The magnitude of the increase depends on three uncertain factors — the future pathways of global greenhouse gas emissions; the different ways that climate models use this information to project future hot and cold temperature extremes in various world regions; and the manner in which countries’ energy consumption patterns change under different scenarios of future increases in population and income, the researchers said.

They observed that the rising temperatures due to climate change would fuel energy demand significantly higher as compared to population and income growth.

“An important way in which society will adapt to rising temperatures from climate change is by increasing cooling during hot seasons and decreasing heating during cold seasons,” explained study’s co-author Enrica de Cian, Associate Professor at Ca’ Foscari University of VeniceA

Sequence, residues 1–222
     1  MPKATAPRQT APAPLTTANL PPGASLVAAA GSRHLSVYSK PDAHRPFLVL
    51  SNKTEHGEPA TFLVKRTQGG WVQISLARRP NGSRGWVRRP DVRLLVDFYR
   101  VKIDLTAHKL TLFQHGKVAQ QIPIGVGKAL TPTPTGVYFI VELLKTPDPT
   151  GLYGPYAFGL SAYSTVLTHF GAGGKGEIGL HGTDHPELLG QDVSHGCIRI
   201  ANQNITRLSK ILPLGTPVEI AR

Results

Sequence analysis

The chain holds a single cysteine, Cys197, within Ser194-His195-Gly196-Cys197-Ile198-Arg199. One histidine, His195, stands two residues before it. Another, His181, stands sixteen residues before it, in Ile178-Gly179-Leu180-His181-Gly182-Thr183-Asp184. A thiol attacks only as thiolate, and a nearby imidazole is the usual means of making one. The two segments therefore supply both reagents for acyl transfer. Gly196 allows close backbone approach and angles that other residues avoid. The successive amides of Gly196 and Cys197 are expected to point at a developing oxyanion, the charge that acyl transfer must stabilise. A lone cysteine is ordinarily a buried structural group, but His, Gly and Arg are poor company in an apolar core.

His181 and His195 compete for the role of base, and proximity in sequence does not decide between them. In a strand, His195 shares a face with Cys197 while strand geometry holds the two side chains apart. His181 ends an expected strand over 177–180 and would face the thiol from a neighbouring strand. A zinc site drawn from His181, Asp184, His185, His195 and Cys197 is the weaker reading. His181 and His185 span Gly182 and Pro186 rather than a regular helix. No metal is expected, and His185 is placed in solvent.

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“Changes in space conditioning directly impact energy systems, as firms and households demand less natural gas, petroleum, and electricity to meet lower heating needs, and more electricity to satisfy higher cooling needs,” she added.

The study’s findings represent the initial impacts of global warming. They do not account for the additional adjustments in fuel supplies and prices, the researchers asserted.A

“The lower the level of income per person, the larger the share of income that families need to spend to adapt to a given increase in energy demand,” noted lead author Bas van Ruijven, a researcher with IIASA Energy Programme.

Global, Energy, Climate Change
The energy demand would rise by at least 11 per cent due to global warming by 2050. Pixabay